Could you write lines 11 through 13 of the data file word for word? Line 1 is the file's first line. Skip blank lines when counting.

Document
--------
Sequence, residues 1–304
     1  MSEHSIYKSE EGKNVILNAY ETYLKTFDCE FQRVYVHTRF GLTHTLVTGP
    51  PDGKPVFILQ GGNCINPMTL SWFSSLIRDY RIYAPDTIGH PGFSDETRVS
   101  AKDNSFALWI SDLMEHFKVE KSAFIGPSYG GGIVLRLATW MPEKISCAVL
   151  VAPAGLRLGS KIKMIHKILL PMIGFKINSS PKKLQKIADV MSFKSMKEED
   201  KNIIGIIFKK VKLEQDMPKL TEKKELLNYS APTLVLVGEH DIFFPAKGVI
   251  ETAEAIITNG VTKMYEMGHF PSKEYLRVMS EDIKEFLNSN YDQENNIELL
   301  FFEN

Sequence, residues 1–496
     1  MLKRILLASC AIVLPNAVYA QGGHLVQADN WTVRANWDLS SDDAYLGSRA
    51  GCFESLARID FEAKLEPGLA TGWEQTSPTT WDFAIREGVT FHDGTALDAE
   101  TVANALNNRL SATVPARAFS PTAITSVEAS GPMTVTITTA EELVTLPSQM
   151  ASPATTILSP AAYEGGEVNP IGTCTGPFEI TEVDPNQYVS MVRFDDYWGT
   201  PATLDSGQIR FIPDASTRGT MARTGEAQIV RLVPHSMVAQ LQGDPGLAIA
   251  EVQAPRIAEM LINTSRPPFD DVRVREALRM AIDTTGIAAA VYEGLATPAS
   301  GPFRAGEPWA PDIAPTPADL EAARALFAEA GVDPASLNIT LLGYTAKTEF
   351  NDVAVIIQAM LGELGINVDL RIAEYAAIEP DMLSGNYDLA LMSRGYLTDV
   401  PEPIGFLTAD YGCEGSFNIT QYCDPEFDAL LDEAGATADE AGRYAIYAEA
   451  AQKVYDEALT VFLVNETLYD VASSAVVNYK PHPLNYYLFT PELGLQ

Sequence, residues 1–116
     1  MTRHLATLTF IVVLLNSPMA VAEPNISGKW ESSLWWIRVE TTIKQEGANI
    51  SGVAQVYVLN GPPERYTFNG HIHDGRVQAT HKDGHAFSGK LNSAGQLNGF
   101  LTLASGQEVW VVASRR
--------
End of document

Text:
    51  GCFESLARID FEAKLEPGLA TGWEQTSPTT WDFAIREGVT FHDGTALDAE
   101  TVANALNNRL SATVPARAFS PTAITSVEAS GPMTVTITTA EELVTLPSQM
   151  ASPATTILSP AAYEGGEVNP IGTCTGPFEI TEVDPNQYVS MVRFDDYWGT